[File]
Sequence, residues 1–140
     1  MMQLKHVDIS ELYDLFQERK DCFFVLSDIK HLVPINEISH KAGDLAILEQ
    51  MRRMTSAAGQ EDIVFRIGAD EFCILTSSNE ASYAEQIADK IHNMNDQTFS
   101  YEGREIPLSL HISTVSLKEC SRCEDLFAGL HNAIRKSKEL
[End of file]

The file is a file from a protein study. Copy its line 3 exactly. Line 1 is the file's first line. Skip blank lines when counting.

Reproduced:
    51  MRRMTSAAGQ EDIVFRIGAD EFCILTSSNE ASYAEQIADK IHNMNDQTFS